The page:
May 6, 2021

Is the waiver of Joe Biden a wise move?

Joe Biden backed a temporary suspension (waiver) of Intellectual Property Rights for Covid-19 vaccines.

This move seems plenty of good intentions, as purely based on humanitarian grounds: we will not allow pharmaceutical industry to make money on the so-much needed vaccines. Let us see the motivations, what can really be done, the consequences and a possible solution.


Although all attention was brought to the first paragraph of the declaration of the Biden Administration, related to the waiver of the IP rights, we will explain below why we consider this goal unrealistic, whilst we fully support the second paragraph of the same declaration, related to cooperation of all parts for increasing production of vaccines.


Nobody knows.

Nobody knows who holds, which patents. There are no Covid-19 patents for the moment, they cannot exist. The virus was first detected in January 2020, research for a vaccine started some months afterwards, patent applications were filed a bit later, let us say in June 2020. These applications will be published 18 months later, that is end 2021.

Up to that moment, nobody has an idea of the filings.

As an application becomes a patent only after examination, and this lasts at least 4 months, no patent can be expected before early 2022.

President Biden can only introduce the waiver in his country. Meanwhile, many millions of vaccines have been sold in USA.

We are not close to a decision. The first paragraph of the Biden declaration mentions “Those negotiations will take time given the consensus-based nature of the institution and the complexity of the issues involved.” This is a diplomatic formulation of the difficulty of the operation. A decision may never take place, as several EU countries oppose the waiver.

Will this waiver not come a bit late?

We could understand Monti to waive patent protection in India, a very poor country strongly hit by the pandemic. Monti would have the moral basis for doing that and nobody could accuse him for populism. Monti does not waive protection because even if he has the patents, he still cannot produce the vaccines.


Every complicated process necessitates not only patent rights. It also necessitates row materials, which in the case of vaccines seem to be extremely difficult to supply. The Pfizer vaccine needs 260 ingredients coming from 11 different countries. One of them is produced only by a tree in Chile!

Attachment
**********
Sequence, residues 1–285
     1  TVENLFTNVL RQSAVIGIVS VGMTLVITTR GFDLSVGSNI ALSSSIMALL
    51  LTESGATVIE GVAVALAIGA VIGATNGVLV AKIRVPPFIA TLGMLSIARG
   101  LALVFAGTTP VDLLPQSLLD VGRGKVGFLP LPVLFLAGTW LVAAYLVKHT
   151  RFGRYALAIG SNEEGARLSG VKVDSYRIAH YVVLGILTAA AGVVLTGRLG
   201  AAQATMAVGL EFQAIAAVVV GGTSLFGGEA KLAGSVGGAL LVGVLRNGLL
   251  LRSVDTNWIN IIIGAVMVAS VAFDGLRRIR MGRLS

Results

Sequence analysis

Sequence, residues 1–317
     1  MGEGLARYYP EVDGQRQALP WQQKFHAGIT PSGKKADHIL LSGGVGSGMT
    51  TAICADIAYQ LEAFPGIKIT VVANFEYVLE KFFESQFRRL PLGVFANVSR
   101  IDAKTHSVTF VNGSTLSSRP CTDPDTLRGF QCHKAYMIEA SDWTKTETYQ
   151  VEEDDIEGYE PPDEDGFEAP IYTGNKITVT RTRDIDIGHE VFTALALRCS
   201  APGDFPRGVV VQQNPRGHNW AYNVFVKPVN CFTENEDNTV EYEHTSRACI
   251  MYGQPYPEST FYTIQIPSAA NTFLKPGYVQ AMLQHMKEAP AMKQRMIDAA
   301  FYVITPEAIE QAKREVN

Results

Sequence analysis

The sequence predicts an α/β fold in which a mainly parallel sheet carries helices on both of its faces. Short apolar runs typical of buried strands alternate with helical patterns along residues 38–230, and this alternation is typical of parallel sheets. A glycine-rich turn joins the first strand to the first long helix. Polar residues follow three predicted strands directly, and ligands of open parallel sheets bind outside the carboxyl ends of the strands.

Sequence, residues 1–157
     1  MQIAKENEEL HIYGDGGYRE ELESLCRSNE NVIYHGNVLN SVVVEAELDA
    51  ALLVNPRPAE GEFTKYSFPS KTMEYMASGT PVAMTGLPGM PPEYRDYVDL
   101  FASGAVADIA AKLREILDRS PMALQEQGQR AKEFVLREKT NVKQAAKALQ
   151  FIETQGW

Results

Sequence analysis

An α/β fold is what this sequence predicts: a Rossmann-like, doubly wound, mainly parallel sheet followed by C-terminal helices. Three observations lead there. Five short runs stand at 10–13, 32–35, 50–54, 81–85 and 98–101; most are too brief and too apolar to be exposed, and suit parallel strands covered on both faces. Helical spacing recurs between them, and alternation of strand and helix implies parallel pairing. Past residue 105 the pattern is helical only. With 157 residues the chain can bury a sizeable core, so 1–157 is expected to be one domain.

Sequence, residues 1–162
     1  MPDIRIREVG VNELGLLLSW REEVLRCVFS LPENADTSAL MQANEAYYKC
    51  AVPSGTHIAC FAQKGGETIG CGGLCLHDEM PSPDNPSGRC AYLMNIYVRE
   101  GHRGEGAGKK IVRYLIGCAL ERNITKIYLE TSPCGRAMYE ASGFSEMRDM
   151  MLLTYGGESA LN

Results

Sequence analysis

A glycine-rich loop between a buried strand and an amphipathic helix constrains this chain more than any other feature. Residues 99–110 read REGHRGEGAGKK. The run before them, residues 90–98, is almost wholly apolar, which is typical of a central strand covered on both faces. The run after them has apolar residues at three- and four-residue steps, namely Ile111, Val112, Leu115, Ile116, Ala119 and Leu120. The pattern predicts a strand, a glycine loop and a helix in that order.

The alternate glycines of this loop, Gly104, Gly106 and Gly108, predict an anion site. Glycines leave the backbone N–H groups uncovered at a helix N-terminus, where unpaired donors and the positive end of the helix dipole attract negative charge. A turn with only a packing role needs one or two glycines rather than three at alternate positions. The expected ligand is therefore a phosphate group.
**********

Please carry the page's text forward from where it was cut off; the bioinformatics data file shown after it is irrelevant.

It also necessitates several trade secrets and the cumulated knowledge of the researchers and production engineers of the big labs, which are not for sale or for share, without the agreement of the pharmaceutical industry.

India CANNOT fabricate the vaccines alone and they know this.

These two are the main obstacles for which India, South Africa or Brazil did not introduce the waiver in their countries, whilst it is foreseen in their patent law (it is called compulsory licensing).


When there is no abuse of a market position or an excessive monopoly with very high prices, there can be softer measures, such as negotiated licensing or even, in extreme cases “compulsory licensing”: the state obliges the company to sell the IP rights in a fixed price. If there is disagreement on the price, the case goes to court.

A waiver of IP rights is equivalent to confiscation of property (in this case, intellectual property). This confiscation, besides being incompatible with a liberal economy, weakens the trust of the citizen or the industry to the state and will hamper innovation:

– As soon as I invent something useful, the state will come and confiscate my rights. Why should I then invest further in R&D?

We consider this being the biggest danger of the decision: Covid produces mutations, which necessitate new R&D for new vaccines. Other diseases and pandemics will appear. If the industry is not sure about their patent rights, they will not invest further. Alfred Burla mentioned this diplomatically in a last interview.

The states cannot take this role, as they have neither knowledge, nor infrastructure, nor scientist to do the research. At least not for the next five years.

There will be no new vaccines.


As people are dying every day, the matter is extremely urgent. It is also extremely complicated to fabricate vaccines, as it necessitates knowhow, row materials which are hard to find and patents. In this complex landscape patents is the least critical component.

The only solution we see is mentioned in the 2nd paragraph of the Biden declaration and comprises the following elements:

a. the COOPERATION amongst all players: governments, pharmaceuticals, row material providers, the commitment to working together towards a common goal,

b. the clear DEFINITION OF ROLES and FAIR PRICE of vaccines and

C. the SUBSIDISING of the vaccines to poor countries.